Sunday, October 19, 2008

The Art of Learning

Josh Waitzkin
The Art of Learning P. 112-113:

"Thinking back on my competitive life, I realize how defining these themes of Beginner's Mind and Investment in Loss have been. Periodically, I have had to take apart my game and go through a rough patch. In all disciplines, there are times when a performer is ready for action, and times when he or she is soft, in flux, broken-down or in a period of growth.

Learners in this phase are inevitably vulnerable. It is important to have perspective on this and allow yourself protected periods for cultivation. A gifted boxer with a fabulous right and no left will get beat up while he tries to learn the jab. Or take the talented high school basketball player learning how to play point guard at the college level. He may have been able to dominate schoolyards in his past, but now he has to learn to see the whole court, share the ball, bring the best out of his teammates. If a young athlete is expected to perform brilliantly in his first games within this new system, he will surely disappoint. He needs time to internalize the new skills before he will improve. The same can be said about a chess player adjusting to a new opening repertoire, a martial artist learning a new technique. Or a golfer, for example Tiger Woods, taking apart his swing in order to make a long-term improvement.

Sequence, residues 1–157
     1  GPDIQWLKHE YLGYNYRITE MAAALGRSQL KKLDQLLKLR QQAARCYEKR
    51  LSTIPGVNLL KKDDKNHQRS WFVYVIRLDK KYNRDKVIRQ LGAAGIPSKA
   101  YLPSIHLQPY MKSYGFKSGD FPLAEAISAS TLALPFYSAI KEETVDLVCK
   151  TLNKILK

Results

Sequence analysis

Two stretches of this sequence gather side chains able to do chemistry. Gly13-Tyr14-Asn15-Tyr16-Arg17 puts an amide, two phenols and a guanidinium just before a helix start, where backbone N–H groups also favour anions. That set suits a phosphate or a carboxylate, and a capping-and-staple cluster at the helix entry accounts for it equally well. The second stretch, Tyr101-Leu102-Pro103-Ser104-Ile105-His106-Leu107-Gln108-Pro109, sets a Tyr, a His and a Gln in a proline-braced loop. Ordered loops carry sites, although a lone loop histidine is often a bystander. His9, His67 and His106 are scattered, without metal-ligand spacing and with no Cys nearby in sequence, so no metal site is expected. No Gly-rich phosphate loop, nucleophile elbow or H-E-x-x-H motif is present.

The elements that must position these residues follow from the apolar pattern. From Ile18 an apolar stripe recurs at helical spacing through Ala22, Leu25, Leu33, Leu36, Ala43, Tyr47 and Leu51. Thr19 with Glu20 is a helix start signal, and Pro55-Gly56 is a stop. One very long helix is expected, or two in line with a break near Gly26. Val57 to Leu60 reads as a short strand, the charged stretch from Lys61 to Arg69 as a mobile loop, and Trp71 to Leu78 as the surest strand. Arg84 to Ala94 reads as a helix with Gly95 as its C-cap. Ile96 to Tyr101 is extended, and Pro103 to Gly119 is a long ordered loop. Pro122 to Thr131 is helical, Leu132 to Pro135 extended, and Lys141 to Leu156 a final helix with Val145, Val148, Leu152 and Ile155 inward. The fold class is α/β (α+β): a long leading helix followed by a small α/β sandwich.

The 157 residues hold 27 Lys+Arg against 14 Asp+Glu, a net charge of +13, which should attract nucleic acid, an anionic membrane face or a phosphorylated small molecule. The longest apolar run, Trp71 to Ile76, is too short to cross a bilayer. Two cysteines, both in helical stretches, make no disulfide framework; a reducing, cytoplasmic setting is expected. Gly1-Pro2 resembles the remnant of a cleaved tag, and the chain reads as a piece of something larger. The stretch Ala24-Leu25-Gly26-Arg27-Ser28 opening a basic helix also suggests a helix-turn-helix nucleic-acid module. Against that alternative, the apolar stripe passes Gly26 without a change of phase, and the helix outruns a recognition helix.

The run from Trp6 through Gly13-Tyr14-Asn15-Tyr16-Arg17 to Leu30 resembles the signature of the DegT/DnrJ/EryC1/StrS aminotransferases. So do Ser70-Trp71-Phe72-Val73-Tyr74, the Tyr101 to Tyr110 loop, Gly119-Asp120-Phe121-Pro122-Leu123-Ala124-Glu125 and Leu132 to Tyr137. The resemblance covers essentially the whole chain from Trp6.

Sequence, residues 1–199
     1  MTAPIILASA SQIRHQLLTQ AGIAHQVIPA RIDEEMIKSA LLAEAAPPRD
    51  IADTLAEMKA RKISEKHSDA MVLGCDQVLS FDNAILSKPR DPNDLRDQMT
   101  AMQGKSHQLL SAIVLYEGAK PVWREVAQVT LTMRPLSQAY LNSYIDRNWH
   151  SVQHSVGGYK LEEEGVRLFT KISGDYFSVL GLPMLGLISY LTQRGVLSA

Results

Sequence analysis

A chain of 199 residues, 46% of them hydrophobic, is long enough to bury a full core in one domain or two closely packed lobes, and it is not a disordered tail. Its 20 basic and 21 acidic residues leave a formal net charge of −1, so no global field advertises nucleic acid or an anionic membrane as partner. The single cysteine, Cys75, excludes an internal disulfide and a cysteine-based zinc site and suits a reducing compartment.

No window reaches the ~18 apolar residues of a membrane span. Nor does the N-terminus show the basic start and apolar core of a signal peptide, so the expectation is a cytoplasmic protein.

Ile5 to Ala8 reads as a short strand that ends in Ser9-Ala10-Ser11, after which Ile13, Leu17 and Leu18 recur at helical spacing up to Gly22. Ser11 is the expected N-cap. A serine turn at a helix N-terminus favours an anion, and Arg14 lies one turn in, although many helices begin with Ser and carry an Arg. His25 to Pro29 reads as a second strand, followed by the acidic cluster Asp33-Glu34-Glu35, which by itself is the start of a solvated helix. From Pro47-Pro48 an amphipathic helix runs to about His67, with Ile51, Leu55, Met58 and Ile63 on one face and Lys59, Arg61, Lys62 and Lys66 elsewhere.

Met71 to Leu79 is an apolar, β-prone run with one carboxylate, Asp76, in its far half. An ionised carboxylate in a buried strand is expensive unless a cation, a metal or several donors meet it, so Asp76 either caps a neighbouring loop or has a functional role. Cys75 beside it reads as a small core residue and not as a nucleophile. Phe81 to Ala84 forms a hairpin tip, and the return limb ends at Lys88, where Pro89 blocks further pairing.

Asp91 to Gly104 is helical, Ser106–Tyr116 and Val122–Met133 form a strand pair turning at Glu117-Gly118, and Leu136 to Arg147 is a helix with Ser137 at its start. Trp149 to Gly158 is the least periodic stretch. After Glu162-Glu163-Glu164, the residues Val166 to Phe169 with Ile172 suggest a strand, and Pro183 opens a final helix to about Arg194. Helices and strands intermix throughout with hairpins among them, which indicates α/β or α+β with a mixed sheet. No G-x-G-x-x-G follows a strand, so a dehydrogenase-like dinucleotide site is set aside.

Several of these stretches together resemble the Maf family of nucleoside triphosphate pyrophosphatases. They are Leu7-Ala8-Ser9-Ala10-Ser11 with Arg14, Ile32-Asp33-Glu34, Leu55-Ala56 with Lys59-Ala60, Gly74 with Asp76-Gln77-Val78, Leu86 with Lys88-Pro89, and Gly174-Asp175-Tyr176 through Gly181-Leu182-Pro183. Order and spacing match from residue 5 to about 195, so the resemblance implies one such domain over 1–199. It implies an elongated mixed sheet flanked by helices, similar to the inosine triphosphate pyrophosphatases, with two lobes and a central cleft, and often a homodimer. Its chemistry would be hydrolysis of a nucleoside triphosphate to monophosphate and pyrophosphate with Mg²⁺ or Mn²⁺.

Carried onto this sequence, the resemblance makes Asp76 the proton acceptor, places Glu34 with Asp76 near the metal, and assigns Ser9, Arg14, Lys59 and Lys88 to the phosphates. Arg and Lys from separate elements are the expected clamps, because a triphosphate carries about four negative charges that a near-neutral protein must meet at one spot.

How can we incorporate these ideas into the real world? In certain competitive arenas -- our working lives, for example -- there are seldom weeks in which performance does not matter. Similarly, it is not so difficult to have a beginner's mind and to be willing to invest in loss when you are truly a beginner, but it is much harder to maintain that humility and openness to learning when people are watching and expecting you to perform. True enough. This was a huge problem for me in my chess career after the movie came out. Psychologically, I didn't give myself the room to invest in loss.

My response is that it is essential to have a liberating incremental approach that allows for times when you are not in a peak performance state. We must take responsibility for ourselves, and not expect the rest of the world to understand what it takes to become the best that we can become. Great ones are willing to get burned time and again as they sharpen their swords in the fire.

Consider Michael Jordan. It is common knowledge that Jordan made more last-minute shots to win the game for his team than any other player in the history of the NBA. What is not so well known, is that Jordan also missed more last-minute shots to lose the game for his team than any other player in the history of the game. What made him the greatest was not perfection, but a willingness to put himself on the line as a way of life. Did he suffer all those nights when he sent twenty thousand Bulls fans home heartbroken? Of course. But he was willing to look bad on the road to basketball immortality."

Josh Waitzkin
The Art of Learning P. 112-113

No comments: